11. I’m JUST LIKE YOU. I try to enjoy the fact that my kids actually want me to be involved (although ‘involved’ is me sitting, taking pictures and paying attention). I try to soak it up because I know that in 30 years I will no longer be the hub of their existence (although I don’t always enjoy it). I will be in a quiet house with no one vying for my attention, aside from my amazing husband. But I do not play board games with them. We sing songs, bake cookies, hug, read books and they dance (while I cheer them on). My husband is the child entertainer. He’s always playing games and making them laugh and taking them on walks. I’m at peace with my inability to play with my kids. 🙂

    • Erika, it’s so funny that you would say that because I remember reading on your blog all the awesome pre-school things you did with your girls and thinking, “Man, I could never do that stuff.” We’re obviously all more gifted than we believe we are. 🙂

  12. Stephanie,

    Oh, how I love you. We are made out of the same mold, because make believe is about as painful as it gets.

    The only difference is that you have an age ahead of you where you know you’ll excel. I’m still wondering what my strengths are going to be . . . perhaps when they’re in college? 🙂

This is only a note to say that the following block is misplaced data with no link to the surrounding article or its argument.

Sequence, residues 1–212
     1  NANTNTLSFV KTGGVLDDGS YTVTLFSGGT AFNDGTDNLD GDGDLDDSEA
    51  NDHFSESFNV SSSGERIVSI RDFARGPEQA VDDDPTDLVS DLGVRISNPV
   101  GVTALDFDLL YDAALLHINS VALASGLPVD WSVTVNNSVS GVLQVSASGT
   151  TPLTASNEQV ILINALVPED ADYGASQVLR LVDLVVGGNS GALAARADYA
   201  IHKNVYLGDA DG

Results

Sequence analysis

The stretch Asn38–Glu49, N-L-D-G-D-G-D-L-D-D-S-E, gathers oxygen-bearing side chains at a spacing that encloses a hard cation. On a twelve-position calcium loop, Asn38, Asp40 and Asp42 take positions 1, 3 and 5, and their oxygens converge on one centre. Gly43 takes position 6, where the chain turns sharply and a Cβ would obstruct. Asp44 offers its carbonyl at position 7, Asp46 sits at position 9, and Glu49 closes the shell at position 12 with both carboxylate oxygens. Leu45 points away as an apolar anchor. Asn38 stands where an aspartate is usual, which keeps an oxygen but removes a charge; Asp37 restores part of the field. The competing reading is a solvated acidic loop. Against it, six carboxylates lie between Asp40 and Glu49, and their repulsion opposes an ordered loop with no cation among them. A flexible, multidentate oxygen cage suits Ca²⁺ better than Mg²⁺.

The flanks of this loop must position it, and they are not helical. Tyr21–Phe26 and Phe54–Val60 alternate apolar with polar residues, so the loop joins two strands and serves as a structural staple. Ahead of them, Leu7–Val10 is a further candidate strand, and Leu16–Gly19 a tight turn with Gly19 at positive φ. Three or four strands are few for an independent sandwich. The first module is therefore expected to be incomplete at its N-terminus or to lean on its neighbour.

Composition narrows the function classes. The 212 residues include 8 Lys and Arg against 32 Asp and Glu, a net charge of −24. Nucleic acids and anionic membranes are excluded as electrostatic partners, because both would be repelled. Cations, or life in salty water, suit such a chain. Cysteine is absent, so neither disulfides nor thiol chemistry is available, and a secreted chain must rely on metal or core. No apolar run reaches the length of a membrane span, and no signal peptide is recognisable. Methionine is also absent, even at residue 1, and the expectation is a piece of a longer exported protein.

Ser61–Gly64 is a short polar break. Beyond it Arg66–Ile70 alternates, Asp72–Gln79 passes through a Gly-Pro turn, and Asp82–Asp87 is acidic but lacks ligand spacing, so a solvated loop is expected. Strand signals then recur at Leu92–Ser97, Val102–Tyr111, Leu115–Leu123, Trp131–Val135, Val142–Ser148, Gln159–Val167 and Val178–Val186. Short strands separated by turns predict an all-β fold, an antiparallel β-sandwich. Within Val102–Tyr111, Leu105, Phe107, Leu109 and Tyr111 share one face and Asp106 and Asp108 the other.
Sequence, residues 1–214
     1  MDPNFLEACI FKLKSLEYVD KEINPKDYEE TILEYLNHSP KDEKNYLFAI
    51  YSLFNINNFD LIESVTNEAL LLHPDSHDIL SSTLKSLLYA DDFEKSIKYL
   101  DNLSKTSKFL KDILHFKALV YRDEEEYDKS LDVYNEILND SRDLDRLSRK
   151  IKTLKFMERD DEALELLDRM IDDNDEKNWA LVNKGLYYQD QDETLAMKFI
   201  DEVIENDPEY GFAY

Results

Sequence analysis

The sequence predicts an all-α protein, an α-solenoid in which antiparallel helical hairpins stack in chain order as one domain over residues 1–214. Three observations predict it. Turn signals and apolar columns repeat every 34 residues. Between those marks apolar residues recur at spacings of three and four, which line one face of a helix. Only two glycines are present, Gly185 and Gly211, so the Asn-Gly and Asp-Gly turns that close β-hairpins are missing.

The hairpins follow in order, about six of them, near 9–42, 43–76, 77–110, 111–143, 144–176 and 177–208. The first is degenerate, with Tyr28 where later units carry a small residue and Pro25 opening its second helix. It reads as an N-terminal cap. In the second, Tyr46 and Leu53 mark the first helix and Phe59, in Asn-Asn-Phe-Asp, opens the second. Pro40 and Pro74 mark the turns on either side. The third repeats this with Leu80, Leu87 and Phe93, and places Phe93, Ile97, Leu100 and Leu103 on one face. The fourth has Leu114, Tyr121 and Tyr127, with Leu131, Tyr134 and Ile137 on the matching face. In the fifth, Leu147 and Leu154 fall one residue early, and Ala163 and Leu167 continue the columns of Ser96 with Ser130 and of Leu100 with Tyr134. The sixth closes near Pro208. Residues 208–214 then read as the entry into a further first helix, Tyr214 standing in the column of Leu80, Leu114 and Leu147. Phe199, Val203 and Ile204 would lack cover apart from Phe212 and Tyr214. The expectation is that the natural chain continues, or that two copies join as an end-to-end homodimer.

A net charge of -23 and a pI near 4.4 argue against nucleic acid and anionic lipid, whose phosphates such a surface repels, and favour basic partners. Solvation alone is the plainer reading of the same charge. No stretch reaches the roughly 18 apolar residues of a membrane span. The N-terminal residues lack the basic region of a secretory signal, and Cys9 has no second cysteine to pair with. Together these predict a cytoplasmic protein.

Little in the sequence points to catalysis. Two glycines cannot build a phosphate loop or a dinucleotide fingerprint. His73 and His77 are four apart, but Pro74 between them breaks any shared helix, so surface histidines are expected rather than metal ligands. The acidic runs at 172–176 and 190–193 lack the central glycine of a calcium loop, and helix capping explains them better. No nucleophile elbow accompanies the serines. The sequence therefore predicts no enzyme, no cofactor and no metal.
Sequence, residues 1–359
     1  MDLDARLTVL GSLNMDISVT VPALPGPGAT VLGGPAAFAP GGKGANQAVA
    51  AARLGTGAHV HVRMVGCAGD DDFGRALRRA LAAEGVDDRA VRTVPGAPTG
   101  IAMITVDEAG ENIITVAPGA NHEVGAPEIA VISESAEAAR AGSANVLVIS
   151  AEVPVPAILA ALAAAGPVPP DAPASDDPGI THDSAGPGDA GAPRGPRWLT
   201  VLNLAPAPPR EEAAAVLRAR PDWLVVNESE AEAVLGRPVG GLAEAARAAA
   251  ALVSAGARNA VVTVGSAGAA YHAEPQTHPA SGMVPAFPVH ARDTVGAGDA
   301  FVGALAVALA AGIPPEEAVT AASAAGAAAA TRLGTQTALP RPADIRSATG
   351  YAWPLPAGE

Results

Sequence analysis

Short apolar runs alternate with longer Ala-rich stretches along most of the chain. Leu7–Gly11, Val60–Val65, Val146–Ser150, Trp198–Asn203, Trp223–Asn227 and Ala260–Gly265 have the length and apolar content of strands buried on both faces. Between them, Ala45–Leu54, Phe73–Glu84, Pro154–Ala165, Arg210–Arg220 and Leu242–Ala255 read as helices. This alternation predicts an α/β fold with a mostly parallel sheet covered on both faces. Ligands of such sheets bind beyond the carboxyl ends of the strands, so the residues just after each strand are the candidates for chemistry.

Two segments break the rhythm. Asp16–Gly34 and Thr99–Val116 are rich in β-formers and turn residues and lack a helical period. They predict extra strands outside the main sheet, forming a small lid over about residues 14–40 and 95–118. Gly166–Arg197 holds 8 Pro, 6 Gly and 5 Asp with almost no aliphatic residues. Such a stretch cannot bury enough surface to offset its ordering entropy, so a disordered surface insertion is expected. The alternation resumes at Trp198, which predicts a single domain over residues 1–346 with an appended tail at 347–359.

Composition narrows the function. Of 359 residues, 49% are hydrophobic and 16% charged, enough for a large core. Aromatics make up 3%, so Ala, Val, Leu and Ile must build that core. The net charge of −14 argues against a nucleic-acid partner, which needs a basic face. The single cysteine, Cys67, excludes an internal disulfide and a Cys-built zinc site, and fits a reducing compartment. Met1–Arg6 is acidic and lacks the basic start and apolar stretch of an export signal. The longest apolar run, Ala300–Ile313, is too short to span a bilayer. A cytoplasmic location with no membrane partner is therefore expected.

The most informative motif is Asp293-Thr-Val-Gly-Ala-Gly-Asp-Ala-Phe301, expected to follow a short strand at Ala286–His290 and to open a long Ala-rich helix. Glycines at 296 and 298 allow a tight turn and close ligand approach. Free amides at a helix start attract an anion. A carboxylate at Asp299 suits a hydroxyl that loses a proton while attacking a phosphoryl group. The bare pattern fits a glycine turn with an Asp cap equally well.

13. I so understand what you’re saying! I cringe every time my son asks me play “dinosaurs” with him and usually come up with some excuse not to. Sometimes I actually tell him I don’t really like that game and suggest we do something we both enjoy. Is that bad? Other times, I bite the bullet and play the game and make it as short as possible.

    I think you’re exactly right about the whole strenghts thing. Great post- thanks!

  14. Stephanie, I didn’t write that post to make you feel guilty!

    It’s kind of funny – I’m the kind of mom who can play games with my kids on the floor. And I read to them. But I HATE taking them anywhere. We rarely go to the park. I can’t stand taking them to the store, even though they are well behaved overall. I don’t give them opportunities like zoos or aquariums or museums. (I have a bit of a phobia and really, really can’t stand getting out and around lots of people.) And I feel like a really rotten mom because they don’t get fun opportunities like I feel they “should” be getting. That’s why I posted about what I did – because I know my kids need experiences like that, and even though I HATE it, I know they love it and I want them to know I love them.

    I wish we could sometimes pool our mom resources together so our kids could get the best of all worlds. I’ll play Candyland and Don’t Break the Ice with your kids if you will take mine to the zoo!